October 2018: Surgical Oncology Clinics of North America
https://www.readbyqxmd.com/read/30213415/the-accountable-care-organization-for-surgical-care
#17
REVIEW
Matthew J Resnick
Rising health care costs superimposed on uncertainty surrounding the relationship between health care spending and quality have resulted in an urgent need to develop strategies to better align health care payment with value. Such approaches, at least in theory, work to achieve the dual aims of reducing growth in health care spending and improving population health. To date, surgery has not been prioritized in accountable care organizations (ACOs). Nonetheless, it is critically important to begin to consider strategic and impactful mechanisms through which surgery can be seamlessly woven into innovative population health models...
October 2018: Surgical Oncology Clinics of North America
https://www.readbyqxmd.com/read/30213414/malignant-bowel-obstruction-reappraising-the-value-of-surgery
#18
REVIEW
Robert E Roses, Ian W Folkert, Robert S Krouse
Urgent palliative surgery in the setting of advanced malignancy is associated with significant morbidity, mortality, and cost. Malignant bowel obstruction is the most frequent indication for such intervention. Traditional surgical dogma is often invoked to justify associated risks and cost, but little evidence exists to support surgical over nonsurgical approaches. Evolving evidence may provide more meaningful guidance for treatment selection.
October 2018: Surgical Oncology Clinics of North America
https://www.readbyqxmd.com/read/30213413/regionalization-and-its-alternatives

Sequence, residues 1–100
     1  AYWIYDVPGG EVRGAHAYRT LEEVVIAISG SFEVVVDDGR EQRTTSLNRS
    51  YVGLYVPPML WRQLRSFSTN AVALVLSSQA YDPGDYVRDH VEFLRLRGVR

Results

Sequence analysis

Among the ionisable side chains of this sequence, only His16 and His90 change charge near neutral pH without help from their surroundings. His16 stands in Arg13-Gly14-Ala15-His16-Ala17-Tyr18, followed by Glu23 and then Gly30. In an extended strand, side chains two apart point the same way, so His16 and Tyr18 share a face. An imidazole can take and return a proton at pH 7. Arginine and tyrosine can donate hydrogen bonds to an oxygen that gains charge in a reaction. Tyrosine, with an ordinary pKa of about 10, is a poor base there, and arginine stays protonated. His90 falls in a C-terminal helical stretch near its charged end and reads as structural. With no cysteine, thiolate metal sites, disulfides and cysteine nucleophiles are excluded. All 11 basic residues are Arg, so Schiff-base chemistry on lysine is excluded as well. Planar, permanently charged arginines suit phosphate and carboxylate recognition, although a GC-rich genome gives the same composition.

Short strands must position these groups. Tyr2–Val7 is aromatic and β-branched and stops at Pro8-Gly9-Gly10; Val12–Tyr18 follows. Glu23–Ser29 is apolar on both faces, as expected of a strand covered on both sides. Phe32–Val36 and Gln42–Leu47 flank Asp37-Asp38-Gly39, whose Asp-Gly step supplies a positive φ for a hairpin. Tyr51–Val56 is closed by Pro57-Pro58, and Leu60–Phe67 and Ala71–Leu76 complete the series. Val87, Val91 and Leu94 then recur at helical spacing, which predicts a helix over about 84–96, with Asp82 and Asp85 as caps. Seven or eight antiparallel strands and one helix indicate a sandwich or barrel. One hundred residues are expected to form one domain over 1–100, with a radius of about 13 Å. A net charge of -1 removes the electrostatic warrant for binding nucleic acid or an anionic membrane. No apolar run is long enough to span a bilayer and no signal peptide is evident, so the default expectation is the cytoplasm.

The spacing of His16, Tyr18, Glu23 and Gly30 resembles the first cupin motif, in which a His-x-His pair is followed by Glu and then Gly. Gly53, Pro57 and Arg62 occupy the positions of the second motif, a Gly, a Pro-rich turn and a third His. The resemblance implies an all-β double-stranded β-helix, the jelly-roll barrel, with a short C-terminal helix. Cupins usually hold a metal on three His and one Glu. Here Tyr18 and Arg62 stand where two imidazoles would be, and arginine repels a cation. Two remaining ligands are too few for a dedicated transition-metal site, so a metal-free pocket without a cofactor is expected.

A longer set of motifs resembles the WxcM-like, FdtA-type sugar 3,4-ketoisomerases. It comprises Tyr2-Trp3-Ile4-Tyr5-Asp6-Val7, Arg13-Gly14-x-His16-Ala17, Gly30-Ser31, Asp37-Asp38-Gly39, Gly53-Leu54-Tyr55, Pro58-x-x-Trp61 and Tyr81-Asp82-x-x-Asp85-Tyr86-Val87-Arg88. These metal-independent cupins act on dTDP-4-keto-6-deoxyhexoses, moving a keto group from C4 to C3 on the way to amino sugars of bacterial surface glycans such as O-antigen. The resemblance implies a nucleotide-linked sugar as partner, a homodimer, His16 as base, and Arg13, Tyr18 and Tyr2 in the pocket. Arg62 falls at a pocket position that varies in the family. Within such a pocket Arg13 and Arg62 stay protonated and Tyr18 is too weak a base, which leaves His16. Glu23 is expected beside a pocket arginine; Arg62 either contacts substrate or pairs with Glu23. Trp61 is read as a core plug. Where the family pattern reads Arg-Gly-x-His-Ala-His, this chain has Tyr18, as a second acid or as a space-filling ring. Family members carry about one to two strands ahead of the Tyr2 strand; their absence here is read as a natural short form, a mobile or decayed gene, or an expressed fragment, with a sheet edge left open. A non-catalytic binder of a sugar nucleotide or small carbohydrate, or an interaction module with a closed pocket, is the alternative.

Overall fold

#19
REVIEW
Stephanie Lumpkin, Karyn Stitzenberg
This article begins by introducing the historical background surrounding the volume-outcomes relationship literature, particularly in complex cancer surgery. The state of evidence surrounding mortality, as well as other outcomes, in relation to both hospital and surgeon procedure volume is synthesized. Where it is understood, the level of adoption of regionalization of various complex surgeries in the United States is also presented. Various controversies are weighed and discussed. Finally, various models of regionalization and proposed alternatives to regionalization from the peer-reviewed literature are presented...
October 2018: Surgical Oncology Clinics of North America
https://www.readbyqxmd.com/read/30213412/health-related-quality-of-life-the-impact-on-morbidity-and-mortality
#20
REVIEW
Andrea Sitlinger, Syed Yousuf Zafar
In the age of ever-expanding treatments and precision medicine, the hope for cure remains the ultimate goal for patients and providers. Equally important to many patients is the quality of life achieved during and after treatment. Evidence suggests that overall quality of life is important to patients and plays a role in determining outcomes in patients with cancer. This article examines components of health-related quality of life and cancer treatment, including physical, psychosocial, and financial burden, as well as how these components affect patients' overall wellbeing and survival...
October 2018: Surgical Oncology Clinics of North America